I have a hard time parting with stuff.
Last night I found myself on the bedroom floor cleaning out my desk.
I had a brown paper bag for recycling paper, and the trash can for, um, well, parting with things that no longer made the cut (an Ingrid Michaelson CD case with no disk in it, a few candy wrappers and some leaf-eared stickers).
I stumbled across a two-page list of notes in Spanish I must have typed in 1988 for my missionary homecoming talk (a keeper!) and a more recent note on pink lined paper that made me laugh out loud.
Mr. Dub was across the room preparing his talk for Sacrament Meeting today. I brought him the note and told him "THIS is why I save things." He used the note in his talk this morning, to illustrate the power of compassion in the family. Two members of our family sitting in the pew were stunned right into a petrified state when they heard him quoting the note over the pulpit. No one dared move a muscle for fear of being identified. I'm telling you--these little nuggets (hee hee) come back to enlighten the world.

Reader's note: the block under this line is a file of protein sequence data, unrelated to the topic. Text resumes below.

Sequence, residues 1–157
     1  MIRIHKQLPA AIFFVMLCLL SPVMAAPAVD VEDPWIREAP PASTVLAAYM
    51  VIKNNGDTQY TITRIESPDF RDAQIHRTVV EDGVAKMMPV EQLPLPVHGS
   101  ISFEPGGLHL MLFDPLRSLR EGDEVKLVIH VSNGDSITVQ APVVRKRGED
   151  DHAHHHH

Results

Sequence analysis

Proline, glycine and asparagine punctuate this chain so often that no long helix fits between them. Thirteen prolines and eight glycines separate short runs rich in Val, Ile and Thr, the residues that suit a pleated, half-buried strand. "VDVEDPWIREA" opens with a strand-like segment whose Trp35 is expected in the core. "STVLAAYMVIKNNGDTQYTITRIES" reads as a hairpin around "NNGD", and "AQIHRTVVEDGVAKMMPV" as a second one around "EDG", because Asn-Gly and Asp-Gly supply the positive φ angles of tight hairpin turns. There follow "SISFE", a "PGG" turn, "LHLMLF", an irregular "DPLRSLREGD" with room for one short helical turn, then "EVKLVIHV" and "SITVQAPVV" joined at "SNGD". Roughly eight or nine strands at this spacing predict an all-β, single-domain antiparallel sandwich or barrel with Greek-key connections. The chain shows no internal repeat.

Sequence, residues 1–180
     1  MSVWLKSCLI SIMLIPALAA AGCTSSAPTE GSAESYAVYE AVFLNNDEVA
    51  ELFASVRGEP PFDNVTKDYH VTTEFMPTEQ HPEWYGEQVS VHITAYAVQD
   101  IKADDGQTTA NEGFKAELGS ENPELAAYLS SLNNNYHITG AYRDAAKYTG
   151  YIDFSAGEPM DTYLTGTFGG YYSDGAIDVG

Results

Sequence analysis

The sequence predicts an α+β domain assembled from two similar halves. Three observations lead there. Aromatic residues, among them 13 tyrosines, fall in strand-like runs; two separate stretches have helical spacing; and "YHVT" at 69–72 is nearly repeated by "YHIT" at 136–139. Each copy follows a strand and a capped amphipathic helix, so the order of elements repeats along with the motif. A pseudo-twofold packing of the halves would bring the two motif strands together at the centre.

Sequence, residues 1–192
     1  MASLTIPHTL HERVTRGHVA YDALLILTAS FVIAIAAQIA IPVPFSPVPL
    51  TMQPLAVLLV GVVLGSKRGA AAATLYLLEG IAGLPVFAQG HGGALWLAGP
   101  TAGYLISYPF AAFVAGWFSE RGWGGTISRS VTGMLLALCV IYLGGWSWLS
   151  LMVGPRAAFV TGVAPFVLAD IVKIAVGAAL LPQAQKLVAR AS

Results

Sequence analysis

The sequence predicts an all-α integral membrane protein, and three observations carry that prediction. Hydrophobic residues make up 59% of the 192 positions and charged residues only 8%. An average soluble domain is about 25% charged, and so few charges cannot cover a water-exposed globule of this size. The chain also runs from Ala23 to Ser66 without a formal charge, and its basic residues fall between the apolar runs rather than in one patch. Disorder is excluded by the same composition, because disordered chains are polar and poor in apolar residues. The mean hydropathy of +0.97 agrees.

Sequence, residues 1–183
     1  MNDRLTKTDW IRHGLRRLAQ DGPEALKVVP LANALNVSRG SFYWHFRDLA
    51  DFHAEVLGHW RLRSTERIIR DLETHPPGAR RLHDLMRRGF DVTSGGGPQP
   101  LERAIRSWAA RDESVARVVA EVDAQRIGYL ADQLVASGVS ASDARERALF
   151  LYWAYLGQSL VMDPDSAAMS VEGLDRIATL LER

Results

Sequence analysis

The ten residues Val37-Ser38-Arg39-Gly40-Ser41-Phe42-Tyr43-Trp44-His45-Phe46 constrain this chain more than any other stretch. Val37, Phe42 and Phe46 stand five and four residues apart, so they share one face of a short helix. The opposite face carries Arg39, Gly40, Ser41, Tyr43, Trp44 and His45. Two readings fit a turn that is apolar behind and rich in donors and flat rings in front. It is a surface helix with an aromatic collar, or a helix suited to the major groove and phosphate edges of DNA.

In the adult Sunday School class that followed, we could hardly get on with the prepared material because everyone was so intent on discovering the identity of the note-writing child. I took the fall and said it was me. ("Dear Mr. Dub...")
On the ride home from church, we learned that the note-writer was mad at the offending sibling for having taken the complete set of Diary of a Wimpy Kid books without asking. Apparently there is a scene in the book that mimics this scenario, thus, in retribution, the note.
In the end, there wasn't much compassion behind the note at all.
We also discussed agency. (You can fit a lot of discussion in to a 30 minute ride home from church) You can choose to do whatever you want in life... but you had better be prepared for the consequences, good or bad.
Good: a memorable object lesson on compassion that an entire church congregation will remember.
Bad: risking discovery of questionable behavior by entire church congregation.
Here's the note:
This one's going back in the "save" pile.